Gonzalez, who found herself a newly single parent of four children, made the choice to move her family from Uvalde to Waco. Her oldest son, Manuel, enrolled at Baylor as a freshman last fall.
“My kids have been so supportive,” she said. “There was a point when I considered putting my education on hold, but they all wanted me to keep going. They really encouraged me. And they’re glad I don’t have that long commute anymore!”
Gonzalez also felt support from the faculty at Baylor.
“The amount of guidance I have been given [by the faculty] is wonderful,” Gonzalez said. “They have all been very embracing and welcoming since I started the master’s program.”
The faculty is one reason that Gonzalez did not hesitate to enroll in a PhD program that was just beginning.
“I knew from my master’s level classes that the quality of the education would be the same as a more established program,” she said. “The coursework was very demanding and thorough, and I knew that although we would be exposed to different aspects, the quality would continue in the new PhD program.”
There was never a question of quality for Tim Culver, either. Having received his undergraduate degree from Baylor in 1984, he knew the value of a Baylor education. The only hesitation from Culver was that he has a job he loves and didn’t want to leave in order to enroll in the PhD program.
After graduating from Baylor, Culver went on to earn an MS in Engineering and an MBA from Southern Methodist University in Dallas. He is currently an executive director at AT&T and has taught at the University of Texas at Dallas as an adjunct faculty member.
“There’s a place for someone with an information systems PhD to both work in the corporate world and teach,” Culver said. “I’d like to find a balance.”
When he learned of Baylor’s new PhD program, he approached both Baylor and his employer about attending as a part-time student, and enrolled last fall.
“I attend classes remotely, via computer conferencing, and it has worked very well,” said Culver, who has met his fellow classmates in person only once. “My management team [at AT&T] has been very supportive. It has not been an issue on either side.”
And Culver has been pleased with how well the Baylor faculty has been able to work with each student to allow them to emphasize their own strengths.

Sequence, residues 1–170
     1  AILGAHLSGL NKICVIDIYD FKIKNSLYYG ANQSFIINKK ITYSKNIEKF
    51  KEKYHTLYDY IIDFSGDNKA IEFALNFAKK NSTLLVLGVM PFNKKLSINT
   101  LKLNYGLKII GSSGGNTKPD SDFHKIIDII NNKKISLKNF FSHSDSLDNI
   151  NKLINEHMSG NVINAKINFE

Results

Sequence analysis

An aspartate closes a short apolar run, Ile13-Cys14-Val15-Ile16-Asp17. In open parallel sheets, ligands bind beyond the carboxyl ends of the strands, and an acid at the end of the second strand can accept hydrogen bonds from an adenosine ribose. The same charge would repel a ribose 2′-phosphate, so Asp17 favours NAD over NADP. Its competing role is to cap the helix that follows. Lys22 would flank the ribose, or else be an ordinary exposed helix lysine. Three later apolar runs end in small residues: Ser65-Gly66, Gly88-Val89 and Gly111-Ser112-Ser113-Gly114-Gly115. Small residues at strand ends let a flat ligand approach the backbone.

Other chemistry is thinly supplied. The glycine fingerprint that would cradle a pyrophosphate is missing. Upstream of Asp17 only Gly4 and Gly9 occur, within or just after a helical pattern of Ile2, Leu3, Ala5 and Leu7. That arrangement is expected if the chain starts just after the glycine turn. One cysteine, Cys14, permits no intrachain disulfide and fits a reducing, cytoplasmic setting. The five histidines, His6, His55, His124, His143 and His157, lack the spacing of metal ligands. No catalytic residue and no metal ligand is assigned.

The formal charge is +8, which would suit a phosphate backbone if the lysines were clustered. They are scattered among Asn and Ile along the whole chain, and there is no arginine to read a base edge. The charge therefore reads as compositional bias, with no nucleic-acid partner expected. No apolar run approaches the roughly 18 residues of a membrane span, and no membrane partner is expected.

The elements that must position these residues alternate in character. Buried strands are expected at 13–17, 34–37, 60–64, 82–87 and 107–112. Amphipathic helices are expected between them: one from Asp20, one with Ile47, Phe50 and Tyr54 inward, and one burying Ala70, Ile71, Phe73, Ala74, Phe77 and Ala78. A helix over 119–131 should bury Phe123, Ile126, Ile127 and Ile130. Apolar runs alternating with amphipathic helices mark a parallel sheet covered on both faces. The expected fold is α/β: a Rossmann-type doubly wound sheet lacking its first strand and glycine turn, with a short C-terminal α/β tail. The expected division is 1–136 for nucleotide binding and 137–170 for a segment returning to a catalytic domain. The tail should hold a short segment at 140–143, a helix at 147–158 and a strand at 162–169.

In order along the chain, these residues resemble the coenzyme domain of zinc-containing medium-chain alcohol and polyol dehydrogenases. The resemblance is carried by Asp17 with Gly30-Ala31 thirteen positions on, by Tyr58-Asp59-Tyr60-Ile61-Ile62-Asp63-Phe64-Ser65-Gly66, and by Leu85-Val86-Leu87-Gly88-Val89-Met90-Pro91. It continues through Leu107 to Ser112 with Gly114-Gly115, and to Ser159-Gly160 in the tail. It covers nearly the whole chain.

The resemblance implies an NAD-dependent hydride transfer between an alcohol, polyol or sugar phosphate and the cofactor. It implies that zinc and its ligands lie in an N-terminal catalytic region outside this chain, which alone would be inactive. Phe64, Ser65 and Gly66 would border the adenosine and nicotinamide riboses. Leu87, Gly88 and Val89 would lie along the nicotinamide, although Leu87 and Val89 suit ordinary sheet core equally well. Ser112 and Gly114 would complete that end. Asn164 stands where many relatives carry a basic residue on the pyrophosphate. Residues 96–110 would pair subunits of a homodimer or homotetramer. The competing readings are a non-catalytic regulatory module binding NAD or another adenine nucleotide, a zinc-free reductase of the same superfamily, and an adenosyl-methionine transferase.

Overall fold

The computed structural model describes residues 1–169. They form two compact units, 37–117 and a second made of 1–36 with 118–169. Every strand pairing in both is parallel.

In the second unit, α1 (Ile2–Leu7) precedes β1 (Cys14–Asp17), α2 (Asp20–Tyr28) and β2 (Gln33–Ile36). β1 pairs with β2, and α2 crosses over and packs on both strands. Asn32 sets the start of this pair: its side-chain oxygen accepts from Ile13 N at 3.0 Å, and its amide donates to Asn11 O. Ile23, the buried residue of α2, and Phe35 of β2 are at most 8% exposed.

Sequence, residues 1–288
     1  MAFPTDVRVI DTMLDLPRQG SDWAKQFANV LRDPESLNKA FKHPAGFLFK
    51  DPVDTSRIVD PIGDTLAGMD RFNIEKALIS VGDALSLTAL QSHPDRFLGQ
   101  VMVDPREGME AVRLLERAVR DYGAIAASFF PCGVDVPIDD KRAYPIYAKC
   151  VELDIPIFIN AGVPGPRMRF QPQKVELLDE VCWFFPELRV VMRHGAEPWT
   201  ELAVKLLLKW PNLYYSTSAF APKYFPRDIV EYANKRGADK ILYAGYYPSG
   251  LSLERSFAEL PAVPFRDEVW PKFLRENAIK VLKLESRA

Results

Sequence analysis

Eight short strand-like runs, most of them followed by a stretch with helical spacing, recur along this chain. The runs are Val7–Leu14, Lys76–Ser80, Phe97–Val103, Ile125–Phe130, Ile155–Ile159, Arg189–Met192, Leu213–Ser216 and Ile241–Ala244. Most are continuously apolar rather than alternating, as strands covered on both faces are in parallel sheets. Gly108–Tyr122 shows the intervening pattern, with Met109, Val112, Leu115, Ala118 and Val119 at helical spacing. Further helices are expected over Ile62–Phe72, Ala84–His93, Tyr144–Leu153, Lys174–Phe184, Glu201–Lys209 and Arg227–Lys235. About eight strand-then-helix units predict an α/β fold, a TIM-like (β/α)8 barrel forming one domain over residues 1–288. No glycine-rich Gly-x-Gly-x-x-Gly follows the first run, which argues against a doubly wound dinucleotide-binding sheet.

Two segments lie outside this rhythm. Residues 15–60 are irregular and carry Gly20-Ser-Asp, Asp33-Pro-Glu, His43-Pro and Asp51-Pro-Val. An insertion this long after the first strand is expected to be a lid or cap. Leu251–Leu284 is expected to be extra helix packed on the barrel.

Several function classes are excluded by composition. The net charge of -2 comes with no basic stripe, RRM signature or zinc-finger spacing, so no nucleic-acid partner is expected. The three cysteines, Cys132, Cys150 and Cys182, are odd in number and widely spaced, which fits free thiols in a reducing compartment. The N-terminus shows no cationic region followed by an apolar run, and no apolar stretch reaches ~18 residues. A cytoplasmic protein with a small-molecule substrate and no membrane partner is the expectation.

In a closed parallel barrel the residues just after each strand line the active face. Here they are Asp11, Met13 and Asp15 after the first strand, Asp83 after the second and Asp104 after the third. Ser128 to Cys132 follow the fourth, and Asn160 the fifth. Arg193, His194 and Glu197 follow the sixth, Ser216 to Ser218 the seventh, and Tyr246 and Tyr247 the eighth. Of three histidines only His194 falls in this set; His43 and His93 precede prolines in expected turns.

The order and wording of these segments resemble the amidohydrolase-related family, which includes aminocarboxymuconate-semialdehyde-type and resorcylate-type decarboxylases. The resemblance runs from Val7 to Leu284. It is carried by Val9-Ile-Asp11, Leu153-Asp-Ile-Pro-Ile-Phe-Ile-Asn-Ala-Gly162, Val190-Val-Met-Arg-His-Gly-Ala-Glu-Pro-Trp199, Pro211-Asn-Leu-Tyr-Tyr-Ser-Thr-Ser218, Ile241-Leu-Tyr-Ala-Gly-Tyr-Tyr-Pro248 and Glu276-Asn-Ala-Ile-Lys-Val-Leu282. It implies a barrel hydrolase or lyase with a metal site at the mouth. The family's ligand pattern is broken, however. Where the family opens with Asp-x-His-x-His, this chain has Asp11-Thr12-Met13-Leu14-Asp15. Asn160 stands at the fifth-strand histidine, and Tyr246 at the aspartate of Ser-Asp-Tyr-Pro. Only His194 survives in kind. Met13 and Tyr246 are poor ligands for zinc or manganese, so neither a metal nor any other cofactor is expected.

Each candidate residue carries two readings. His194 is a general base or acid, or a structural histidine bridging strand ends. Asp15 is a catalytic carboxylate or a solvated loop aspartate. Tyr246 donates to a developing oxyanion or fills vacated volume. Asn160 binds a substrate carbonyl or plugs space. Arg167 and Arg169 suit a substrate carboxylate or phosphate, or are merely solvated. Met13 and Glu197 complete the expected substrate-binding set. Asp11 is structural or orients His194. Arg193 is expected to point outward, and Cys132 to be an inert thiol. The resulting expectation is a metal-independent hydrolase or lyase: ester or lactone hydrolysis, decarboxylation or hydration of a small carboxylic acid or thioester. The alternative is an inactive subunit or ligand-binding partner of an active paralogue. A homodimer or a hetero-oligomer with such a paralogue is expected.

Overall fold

“Baylor has a good program,” he said. “The professors are geared toward working with your area of interest and figuring out what’s right for you as a student. I feel like they’re interested in me, and they appreciate the 25 years of practical experience I have.”
That flexibility, according to Dorothy Leidner, director of the PhD program, is one of the program’s inherent designs.
“Traditionally, PhDs are very individual programs,” she said. “It can be a very lonely undertaking, as students don’t work in teams or on group projects. But it doesn’t have to be that way. We are finding ways for students to work cooperatively.”
One main way to achieve that, said Leidner, is to bring full- and part-time students together. Once the PhD program is fully developed, Leidner hopes to have approximately 10 full-time students and up to 10 part-time students.
“Our vision is to try to hook up the full-time, local students with the part-time students who are in industry, perhaps even internationally, to work together,” she said. “This might be gathering data for dissertations, or time spent in the field. The benefits are a higher knowledge of the industry environment and access to data; and the part-time student may be able to use some of the methodology for their own, separate thesis.”
Currently, Leidner is working with applicants from the U.S. military and as far away as Ghana.
“They’re beamed into the classroom, and the classroom is beamed to their laptop, which makes the possibilities endless,” she said. “It opens the doors to a very diverse, very well-rounded group of PhD candidates, and that is right on track for where we want our program to be.”
Baylor Business Review, Spring 2010